The portion of the project includes building several new bridges that will carry the new Route 206 bypass over Homestead Road, the CSX railroad tracks, Royce Brook and a tributary of Royce Brook, he said.

A new bridge is also being built on Amwell Road to carry motorists on the local roadway over the new bypass. The new Amwell Road bridge is expected to open this spring and traffic will be shifted onto the new structure.

This contract is also rebuilding the superstructures of two bridges that carry traffic over the CSX railroad tracks on Hillsborough and Homestead roads, Greeley said.

Hillsborough Road was opened to traffic on March 23. Hillsborough Road had been closed at this location since April 2010.

Homestead Road between Route 206 and Willow Road was .

The following detours are now in effect:

  • Route 206 motorists headed to Homestead Road will be directed to Amwell Road to Willow Road south to Homestead Road.
  • Homestead Road westbound motorists are directed to Willow Road north to Amwell Road to Route 206.

Greeley said the next portions of the bypass project, the northern and southern ends where the new roadway will connect to the existing Route 206, are being designed.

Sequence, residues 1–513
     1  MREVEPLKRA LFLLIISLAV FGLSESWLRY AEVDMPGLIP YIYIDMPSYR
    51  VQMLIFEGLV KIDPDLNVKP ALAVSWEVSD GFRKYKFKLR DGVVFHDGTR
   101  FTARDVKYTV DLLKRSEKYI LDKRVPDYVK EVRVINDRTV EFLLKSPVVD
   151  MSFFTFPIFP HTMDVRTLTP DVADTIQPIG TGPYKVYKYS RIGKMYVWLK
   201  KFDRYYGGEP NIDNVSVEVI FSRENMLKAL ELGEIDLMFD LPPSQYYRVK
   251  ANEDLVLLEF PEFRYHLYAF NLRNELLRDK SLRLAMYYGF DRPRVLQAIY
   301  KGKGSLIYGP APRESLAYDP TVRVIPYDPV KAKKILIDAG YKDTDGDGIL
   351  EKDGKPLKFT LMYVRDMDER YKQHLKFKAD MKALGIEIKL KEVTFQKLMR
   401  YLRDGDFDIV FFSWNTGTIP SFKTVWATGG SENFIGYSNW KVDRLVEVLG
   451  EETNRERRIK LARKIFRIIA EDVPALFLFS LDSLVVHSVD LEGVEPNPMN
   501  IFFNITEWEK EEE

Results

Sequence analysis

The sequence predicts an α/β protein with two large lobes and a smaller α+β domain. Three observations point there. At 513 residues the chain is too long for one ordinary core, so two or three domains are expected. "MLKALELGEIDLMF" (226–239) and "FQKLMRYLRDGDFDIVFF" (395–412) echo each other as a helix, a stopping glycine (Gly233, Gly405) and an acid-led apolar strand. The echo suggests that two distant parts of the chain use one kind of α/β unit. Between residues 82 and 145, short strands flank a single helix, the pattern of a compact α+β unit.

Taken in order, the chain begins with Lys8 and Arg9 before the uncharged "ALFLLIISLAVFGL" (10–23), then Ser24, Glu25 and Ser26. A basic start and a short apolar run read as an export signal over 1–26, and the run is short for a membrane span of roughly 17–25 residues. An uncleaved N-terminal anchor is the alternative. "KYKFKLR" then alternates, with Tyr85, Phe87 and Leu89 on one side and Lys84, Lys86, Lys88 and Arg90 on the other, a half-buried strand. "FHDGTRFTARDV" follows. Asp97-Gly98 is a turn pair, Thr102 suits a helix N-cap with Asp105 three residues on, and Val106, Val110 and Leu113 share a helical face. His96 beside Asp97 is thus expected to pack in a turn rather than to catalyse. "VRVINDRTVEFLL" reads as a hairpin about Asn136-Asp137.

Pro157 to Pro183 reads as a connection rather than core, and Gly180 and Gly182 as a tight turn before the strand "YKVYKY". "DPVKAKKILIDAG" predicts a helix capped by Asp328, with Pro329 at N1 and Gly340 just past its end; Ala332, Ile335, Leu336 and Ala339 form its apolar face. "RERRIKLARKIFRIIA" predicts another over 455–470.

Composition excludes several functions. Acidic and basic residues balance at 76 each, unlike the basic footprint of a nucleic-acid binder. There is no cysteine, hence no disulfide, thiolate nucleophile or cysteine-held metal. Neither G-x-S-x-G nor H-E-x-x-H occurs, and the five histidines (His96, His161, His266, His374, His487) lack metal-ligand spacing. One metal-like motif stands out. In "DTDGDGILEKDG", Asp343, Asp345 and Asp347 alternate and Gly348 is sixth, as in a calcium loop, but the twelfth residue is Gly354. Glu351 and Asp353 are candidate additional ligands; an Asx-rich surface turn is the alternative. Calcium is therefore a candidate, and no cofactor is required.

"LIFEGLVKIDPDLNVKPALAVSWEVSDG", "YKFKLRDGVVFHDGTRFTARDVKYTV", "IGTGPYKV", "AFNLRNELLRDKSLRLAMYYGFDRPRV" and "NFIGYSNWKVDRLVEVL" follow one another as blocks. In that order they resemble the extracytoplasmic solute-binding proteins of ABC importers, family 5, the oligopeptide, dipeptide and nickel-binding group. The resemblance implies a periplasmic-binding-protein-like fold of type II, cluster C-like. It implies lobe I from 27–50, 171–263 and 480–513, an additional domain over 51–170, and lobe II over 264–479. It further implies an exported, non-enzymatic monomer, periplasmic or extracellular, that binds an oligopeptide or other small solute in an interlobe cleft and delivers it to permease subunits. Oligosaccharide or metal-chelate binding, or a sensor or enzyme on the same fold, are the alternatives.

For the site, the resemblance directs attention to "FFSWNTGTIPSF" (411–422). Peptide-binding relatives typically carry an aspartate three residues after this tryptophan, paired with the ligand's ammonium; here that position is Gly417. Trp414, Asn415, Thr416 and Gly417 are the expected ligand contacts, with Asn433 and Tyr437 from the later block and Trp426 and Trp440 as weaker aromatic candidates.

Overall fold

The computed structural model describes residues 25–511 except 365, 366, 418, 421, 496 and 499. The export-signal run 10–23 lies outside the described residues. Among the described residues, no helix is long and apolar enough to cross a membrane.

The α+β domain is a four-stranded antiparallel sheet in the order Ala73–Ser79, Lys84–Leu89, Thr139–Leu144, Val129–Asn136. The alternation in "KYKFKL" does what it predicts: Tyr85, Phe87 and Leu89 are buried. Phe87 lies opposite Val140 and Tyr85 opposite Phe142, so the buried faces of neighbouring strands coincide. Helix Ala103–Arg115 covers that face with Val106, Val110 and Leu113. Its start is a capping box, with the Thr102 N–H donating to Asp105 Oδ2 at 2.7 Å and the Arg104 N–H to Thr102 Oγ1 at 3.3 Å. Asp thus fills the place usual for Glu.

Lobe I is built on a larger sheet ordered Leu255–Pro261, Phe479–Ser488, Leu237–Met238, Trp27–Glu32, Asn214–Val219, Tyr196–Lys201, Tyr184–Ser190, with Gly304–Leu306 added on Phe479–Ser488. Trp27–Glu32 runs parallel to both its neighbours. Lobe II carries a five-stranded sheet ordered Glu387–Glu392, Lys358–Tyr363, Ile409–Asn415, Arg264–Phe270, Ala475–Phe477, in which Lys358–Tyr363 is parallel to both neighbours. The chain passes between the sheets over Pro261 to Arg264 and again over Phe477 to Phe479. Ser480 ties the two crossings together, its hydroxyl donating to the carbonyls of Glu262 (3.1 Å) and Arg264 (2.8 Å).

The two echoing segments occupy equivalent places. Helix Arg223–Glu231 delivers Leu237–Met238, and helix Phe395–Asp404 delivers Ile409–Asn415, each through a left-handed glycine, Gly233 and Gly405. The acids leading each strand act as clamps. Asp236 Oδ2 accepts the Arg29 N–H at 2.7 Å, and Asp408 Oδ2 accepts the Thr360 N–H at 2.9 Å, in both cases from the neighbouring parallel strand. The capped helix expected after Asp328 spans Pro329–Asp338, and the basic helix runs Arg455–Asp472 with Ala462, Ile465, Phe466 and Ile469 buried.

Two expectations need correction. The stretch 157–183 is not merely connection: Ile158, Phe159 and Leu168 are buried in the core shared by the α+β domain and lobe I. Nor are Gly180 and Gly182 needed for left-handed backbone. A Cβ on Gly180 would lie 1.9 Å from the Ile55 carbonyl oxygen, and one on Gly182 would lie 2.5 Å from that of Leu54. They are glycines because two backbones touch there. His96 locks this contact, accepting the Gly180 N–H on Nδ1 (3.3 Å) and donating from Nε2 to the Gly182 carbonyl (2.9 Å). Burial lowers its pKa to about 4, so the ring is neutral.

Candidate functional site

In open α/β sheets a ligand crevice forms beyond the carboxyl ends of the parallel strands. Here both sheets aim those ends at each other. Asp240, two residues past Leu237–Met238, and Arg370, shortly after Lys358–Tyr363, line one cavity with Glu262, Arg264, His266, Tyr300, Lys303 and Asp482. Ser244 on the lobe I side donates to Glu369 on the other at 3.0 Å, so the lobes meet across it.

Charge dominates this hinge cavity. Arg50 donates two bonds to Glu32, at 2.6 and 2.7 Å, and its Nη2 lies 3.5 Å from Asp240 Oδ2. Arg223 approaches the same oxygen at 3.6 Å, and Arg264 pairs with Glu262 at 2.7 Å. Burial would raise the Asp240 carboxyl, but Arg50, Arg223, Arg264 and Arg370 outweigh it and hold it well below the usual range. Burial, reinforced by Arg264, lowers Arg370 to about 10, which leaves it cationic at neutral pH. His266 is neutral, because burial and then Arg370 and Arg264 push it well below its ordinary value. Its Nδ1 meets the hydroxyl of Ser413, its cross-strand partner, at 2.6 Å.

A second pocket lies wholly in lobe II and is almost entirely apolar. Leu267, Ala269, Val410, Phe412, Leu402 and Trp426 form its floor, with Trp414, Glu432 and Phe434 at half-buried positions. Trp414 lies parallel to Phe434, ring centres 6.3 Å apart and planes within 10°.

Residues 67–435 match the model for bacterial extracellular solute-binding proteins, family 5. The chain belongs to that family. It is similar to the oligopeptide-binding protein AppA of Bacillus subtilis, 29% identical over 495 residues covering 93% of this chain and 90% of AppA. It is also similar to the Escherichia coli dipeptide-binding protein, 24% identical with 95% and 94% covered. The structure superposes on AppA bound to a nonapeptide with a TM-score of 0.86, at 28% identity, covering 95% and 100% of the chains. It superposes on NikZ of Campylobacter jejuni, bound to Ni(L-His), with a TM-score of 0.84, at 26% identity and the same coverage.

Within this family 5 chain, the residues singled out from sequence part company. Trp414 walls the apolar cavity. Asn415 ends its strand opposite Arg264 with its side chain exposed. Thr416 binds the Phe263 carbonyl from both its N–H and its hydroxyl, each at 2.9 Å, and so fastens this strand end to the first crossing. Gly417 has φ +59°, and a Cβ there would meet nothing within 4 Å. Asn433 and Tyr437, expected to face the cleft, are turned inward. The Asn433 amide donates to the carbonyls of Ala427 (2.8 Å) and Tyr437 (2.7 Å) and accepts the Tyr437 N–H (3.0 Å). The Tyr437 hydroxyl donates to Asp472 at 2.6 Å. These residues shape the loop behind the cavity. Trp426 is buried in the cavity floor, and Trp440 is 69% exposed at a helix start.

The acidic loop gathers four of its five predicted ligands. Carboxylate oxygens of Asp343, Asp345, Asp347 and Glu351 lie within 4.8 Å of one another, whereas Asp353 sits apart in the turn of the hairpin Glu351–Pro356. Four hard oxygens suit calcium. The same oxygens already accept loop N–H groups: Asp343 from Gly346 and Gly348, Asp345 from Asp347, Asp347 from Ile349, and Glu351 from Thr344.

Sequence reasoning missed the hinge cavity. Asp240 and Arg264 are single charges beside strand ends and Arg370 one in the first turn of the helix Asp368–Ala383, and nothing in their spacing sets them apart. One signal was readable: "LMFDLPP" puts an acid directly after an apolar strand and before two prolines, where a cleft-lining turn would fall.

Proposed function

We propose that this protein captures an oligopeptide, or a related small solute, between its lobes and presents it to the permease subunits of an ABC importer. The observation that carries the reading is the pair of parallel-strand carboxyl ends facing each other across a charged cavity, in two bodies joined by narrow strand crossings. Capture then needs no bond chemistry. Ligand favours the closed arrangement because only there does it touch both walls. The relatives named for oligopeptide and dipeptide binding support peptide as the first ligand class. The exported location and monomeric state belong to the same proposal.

Key issues in those sections are creating entrances and exits to and from the bypass, and extensive work to relocate or work around large utilities such as underground telecommunications lines, gas transmission pipelines and the CSX rail line.

Utility work is expected to begin in the spring or summer of 2013 and last between 12 and 18 months, Greeley said.

“This is a large project with construction activities progressing at multiple locations within the work zone, simultaneously,” he said.

“From very early on, the construction of this bypass roadway has been planned to unfold over multiple years and multiple contracts. Final design of the remaining project elements is in process and we have identified funding around $10 million in the upcoming fiscal year 2013 Capital Program for the utility work.”

Once the utility work is done, the project would be ready to advance to the  final construction phase, he said.

The township council reported last month the as a result of delays with Contract B.

“We are certainly not pleased with the delay in the project timeline and need to ensure that DOT remains fully committed to funding and project completion," Deputy Mayor Gloria McCauley said in a prepared statement. "Having an incomplete Bypass serves no purpose."

McCauley, Committeeman Frank DelCore, Assemblyman Jack Ciattarelli and freeholders Peter Palmer and Mark Caliguire met last month with members of the NJDOT, which assured the township it will secure funding for Contract B and hopes to have a 2017 completion date.

“While we all would’ve liked to have had this project completed sooner than later, we appreciate DOT’s recognition of the importance it has with respect to the economic development of Hillsborough,” Mayor Carl Suraci said in a prepared statement.